Sunday, October 26, 2008

Data and Code at the Application Level

This week I would like to address the assertion that "code is data" and how the application developer might benefit or be harmed by this idea in the practical pursuit of deadlines and functioning code. For some reason my essay written back in May, Minimize Code, Maximize Data got picked up on the blogosphere on Thursday, and comments on ycombinator, on, and on the post itself have suggested the thesis is flawed or unworkable because "code is data." Let's take a look at that.

Credit Where Credit Due

I first heard the thesis "Minimize Code, Maximize Data" from A. Neil Pappalardo. I consider it the "best kept secret in programming" because I personally have found it to be almost completely absent from my own day-to-day experience with other programmers.

However, glomek over at also credits Eric Raymond with the following quote, "Smart data structures and dumb code works a lot better than the other way around."

Also, sciolizer over on the comments area gives us these quotes from some of the greats:

  • Fred Brooks: "Show me your flow charts and conceal your tables and I shall continue to be mystified, show me your tables and I won't usually need your flow charts; they'll be obvious."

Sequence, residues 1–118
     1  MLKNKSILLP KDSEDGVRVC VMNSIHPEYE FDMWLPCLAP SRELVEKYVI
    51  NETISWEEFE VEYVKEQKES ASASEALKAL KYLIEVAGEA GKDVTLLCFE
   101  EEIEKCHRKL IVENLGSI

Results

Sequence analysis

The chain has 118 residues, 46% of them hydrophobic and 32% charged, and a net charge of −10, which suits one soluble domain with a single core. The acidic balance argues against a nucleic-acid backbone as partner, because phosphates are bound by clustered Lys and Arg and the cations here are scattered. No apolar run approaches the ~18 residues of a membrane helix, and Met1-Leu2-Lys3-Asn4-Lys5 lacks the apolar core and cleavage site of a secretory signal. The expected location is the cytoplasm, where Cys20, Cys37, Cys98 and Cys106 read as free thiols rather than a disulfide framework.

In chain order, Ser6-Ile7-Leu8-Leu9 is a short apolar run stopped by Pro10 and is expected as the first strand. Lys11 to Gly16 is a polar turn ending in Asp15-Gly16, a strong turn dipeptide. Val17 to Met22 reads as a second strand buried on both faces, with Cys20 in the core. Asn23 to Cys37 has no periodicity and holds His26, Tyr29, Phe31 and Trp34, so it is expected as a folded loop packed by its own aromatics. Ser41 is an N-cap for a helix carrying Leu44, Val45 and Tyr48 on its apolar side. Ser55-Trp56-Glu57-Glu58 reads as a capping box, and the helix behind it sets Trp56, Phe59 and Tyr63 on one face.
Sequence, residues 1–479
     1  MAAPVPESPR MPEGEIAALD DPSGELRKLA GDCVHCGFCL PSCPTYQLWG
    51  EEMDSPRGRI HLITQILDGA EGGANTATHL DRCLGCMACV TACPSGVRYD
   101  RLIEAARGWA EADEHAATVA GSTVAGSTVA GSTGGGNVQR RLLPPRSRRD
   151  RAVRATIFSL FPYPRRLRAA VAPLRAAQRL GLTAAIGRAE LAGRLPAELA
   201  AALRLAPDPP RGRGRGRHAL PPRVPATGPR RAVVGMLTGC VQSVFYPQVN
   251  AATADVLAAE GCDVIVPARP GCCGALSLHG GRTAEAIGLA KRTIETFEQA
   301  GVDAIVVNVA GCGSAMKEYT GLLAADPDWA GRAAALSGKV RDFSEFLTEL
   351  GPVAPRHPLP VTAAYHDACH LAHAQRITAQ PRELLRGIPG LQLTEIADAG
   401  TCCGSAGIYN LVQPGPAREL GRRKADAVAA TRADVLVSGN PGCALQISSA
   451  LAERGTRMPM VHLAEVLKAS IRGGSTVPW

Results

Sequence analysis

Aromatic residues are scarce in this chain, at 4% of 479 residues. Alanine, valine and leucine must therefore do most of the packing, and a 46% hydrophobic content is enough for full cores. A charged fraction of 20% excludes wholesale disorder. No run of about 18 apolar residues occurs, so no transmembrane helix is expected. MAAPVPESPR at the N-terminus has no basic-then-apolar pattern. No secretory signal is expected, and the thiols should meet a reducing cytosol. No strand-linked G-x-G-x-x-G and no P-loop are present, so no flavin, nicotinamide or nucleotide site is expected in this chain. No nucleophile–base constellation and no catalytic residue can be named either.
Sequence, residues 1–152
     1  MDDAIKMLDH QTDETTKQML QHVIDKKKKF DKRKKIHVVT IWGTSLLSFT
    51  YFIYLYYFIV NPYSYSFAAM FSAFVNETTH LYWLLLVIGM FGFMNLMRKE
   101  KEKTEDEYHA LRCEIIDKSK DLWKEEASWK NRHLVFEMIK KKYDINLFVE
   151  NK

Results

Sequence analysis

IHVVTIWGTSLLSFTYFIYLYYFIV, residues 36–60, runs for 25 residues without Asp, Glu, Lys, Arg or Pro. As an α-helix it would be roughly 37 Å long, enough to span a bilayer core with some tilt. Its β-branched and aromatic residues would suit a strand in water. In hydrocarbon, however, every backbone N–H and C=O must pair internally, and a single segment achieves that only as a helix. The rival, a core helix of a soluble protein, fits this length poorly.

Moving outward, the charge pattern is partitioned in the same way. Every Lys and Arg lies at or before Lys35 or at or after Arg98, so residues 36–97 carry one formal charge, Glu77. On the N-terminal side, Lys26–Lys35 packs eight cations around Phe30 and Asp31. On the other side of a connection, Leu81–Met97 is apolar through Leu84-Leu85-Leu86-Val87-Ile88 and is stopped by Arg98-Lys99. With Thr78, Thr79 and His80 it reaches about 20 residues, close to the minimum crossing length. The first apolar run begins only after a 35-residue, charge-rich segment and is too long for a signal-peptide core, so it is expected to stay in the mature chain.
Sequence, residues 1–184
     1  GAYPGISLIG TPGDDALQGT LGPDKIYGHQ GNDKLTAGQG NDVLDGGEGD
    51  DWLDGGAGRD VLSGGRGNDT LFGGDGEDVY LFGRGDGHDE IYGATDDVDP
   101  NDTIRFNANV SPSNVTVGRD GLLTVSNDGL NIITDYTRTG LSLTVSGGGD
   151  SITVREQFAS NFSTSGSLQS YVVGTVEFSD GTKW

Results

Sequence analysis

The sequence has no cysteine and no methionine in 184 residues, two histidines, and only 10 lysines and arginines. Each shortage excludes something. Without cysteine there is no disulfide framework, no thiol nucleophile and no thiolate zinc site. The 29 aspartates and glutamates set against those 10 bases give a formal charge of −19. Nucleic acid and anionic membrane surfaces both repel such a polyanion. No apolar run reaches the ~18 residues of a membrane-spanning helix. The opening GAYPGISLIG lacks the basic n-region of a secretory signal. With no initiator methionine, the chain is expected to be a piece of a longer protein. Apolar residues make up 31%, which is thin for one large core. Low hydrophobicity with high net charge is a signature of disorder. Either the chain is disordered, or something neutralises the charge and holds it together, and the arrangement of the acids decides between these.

• Rob Pike: "Data dominates. If you've chosen the right data structures and organized things well, the algorithms will almost always be self-evident. Data structures, not algorithms, are central to programming."
  • Eric S. Raymond (again): "Fold knowledge into data, so program logic can be stupid and robust."
  • Peter Norvig: "Use data-driven programming, where pattern/action pairs are stored in a table."

And finally, Kragen Javier Sitaker left a comment on my original essay mentioning Tim Berners-Lee and his theory of "least power." You can read a description of that here.

So Why Do They Say Code is Data?

The suprising answer is that code is data, in particular contexts and when trying accomplish certain tasks. The contexts do not include application development, and the tasks do not involve storing of customer information, but the fact remains true for those who work in the right contexts.

As an example, at the bottom layer of the modern computer are the physical devices of CPU and RAM. Both the computer program being executed and the data it operates on are stored in RAM in the same way. This is called the Von Neumann architecture. Its a fascinating study and a programmer can only be improved by understanding it. At this level code is data in the most fundamental ways. There are many many other contexts and tasks for which it is true that code is data.

But we who create applications for customers are separated from Von Neumann by decades. These decades have seen a larger and larger stack of tools that allow us to concentrate on specialized tasks without worrying about how the tools below are doing their jobs. One of the most significant sets of tools that we use allow us to cleanly separate code from data and handle them differently.